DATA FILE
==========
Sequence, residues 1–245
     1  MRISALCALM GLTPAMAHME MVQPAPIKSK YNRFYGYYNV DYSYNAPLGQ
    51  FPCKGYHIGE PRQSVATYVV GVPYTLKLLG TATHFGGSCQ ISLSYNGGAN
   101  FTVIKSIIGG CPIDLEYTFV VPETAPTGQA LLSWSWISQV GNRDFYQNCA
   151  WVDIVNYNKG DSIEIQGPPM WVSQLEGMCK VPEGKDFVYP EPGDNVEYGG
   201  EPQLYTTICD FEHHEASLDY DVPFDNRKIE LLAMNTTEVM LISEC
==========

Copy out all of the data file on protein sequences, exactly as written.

Sequence, residues 1–245
     1  MRISALCALM GLTPAMAHME MVQPAPIKSK YNRFYGYYNV DYSYNAPLGQ
    51  FPCKGYHIGE PRQSVATYVV GVPYTLKLLG TATHFGGSCQ ISLSYNGGAN
   101  FTVIKSIIGG CPIDLEYTFV VPETAPTGQA LLSWSWISQV GNRDFYQNCA
   151  WVDIVNYNKG DSIEIQGPPM WVSQLEGMCK VPEGKDFVYP EPGDNVEYGG
   201  EPQLYTTICD FEHHEASLDY DVPFDNRKIE LLAMNTTEVM LISEC